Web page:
Begin with short walks for 10 to 20 minutes two to three times a week. You could even combine your walking with a shopping trip. Strolling around a shopping centre for an hour can burn 200 calories. Jenny Pacey, the fitness adviser to Ultimate Sports Nutrition, suggests other tricks to integrate walking into your routine without really noticing. "Walk up escalators and get into the habit of parking as far away as you can from the supermarket door – the added weight of shopping bags on your way back to your car will burn even more calories. Also, if I really fancy a glass of wine or a treat in the evening, I make an extra effort to walk to the shop to offset the extra energy intake."
Other benefits of walking include an improvement to cardiovascular health and muscle strength, as well as toning the legs and buttocks and strengthening the bones.
Make five small changes to your eating habits
Diets fail because they ask too much, according to researchers from the University of Liverpool. Instead, pick five small, achievable changes such as switching to skimmed milk, choosing leaner cuts of red meat and poultry, eating only half your pudding (save the rest for tomorrow night), eating an extra vegetable portion a day and eating from a smaller plate to help control portion size. "Cutting out the equivalent of just one biscuit each day can help you lose up to a stone in a year," says Jenny Allan, nutritionist for Slimming World. "However, banning all your favourite treats will lead to cravings that can be impossible to resist in the long term."
At least one of your five changes should be a food swap, she says – changing cooking oil for light cooking sprays, for example, or calorie-laden salad dressings for fat-free vinaigrettes, both of which will reduce your fat intake without compromising on taste or adding preparation time.
Your changes should not involve skipping meals. Studies show that people who try to lose weight tend to be more successful if they regularly eat a decent-sized breakfast. "Research also shows that when people add a low-energy density starter, such as soup or salad, before their meal, they actually eat less at the whole meal," says Bridget Benelam, spokes- person for the Nutrition Society.
Cook from scratch
Home cooking is easier and quicker than you think and one of the best ways to reach a healthy weight, says Sian Porter, spokesperson for the British Dietetic Association. "If you cook, you are in control of what you are eating, from the ingredients to the cooking method. Today, with the internet, supermarket recipe cards and straightforward timed recipe books, it has never been easier. By the time you've heated up your ready meal in the oven you could have grilled a lean pork chop, boiled some potatoes, steamed some vegetables and made a tasty sauce for it."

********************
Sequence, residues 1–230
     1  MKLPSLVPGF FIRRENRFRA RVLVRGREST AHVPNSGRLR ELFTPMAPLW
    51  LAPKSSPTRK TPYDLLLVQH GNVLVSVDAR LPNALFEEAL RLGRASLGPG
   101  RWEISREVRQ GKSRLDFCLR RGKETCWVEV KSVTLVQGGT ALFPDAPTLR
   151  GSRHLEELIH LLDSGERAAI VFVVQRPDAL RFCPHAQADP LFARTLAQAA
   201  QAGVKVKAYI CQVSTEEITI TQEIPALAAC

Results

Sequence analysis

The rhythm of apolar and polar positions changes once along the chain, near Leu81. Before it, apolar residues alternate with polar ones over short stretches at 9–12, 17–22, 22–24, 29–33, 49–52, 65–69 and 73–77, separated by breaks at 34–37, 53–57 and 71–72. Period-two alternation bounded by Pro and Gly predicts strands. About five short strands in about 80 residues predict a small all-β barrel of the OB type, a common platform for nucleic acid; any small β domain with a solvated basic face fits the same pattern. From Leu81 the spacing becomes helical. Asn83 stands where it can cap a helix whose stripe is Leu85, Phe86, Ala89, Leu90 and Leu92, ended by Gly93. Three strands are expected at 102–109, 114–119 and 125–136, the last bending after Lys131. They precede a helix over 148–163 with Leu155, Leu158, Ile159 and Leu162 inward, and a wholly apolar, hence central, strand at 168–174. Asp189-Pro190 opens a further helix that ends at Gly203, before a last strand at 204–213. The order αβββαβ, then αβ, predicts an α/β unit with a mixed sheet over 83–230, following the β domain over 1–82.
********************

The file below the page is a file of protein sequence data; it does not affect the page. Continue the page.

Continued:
If you can't cook or lack time, fear not – never have there been so many gadgets to help. Among the latest is the Tefal VitaCuisine Compact Steamer (£71.66, www.argos.co.uk), which contains a "vitamin boost" button, resulting in 45 per cent more vitamin retention compared with traditional cooking methods. The Prostar Fish Steamer (£47.49, www.comet.co.uk) can steam a whole fish in 12 minutes, perfect for health-conscious people who don't have the time to prepare low-calorie meals. Meanwhile, the new Salter Nutri-Weigh Slim Electronic Scale calculates the nutritional value of 999 foods (£44.99, www.salterhousewares.com).
"Try a new recipe once a week – choosing a variety of foods is the best way to ensure your body gets all the nutrients it needs to stay healthy, but it's very easy to get stuck in a rut eating the same few meals," says nutritionist Fiona Hunter.
"Do you eat lunch at your desk or dinner in front of the television? Eating consciously not only adds to the enjoyment of food, but it helps you to eat slowly and to notice how much you're shovelling down," says dietician Azmina Govindji.
Write down what you're eating, she suggests. "It may sound strange, but there is research to show that if you simply make a note of what you're eating, you will become more conscious of it and that in itself will help you to cut down."
We make hundreds of decisions a day about food, according Brian Wansink, author of Mindless Eating. At breakfast, for example, we think, should I stop pouring the milk into my cereal now? Do I put sugar or banana on top? Do I want toast or a muffin? Each of these food choices, he says, is affected by a slew of pushy but subtle influences – a food's container, for instance, influences how much seems "OK" to eat. Indeed, his most famous study found that people at the movies ate 53 per cent more popcorn if it was served in bigger buckets. By thinking about our food decisions and the things that influence it, we could shave enough calories off our diets to make a difference.
Even thinking about food could help you lose weight, according to a new study, which found that people who had imagined they were eating chocolate wanted it less than those who had not been thinking of it. The co-author of the study, Dr Joachim Vosgerau said that "the difference between imagining and experiencing may be smaller than previously assumed".Reuse content